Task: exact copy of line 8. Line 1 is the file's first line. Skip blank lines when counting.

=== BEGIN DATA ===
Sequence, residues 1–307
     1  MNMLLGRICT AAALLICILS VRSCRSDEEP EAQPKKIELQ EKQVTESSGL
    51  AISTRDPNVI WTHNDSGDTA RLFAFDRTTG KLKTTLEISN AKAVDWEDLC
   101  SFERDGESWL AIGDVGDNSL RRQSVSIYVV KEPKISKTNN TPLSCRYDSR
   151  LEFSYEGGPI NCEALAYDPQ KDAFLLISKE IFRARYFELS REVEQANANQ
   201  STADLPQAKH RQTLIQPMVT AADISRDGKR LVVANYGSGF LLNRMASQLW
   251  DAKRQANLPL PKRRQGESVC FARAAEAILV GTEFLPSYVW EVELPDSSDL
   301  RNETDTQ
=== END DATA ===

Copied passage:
   301  RNETDTQ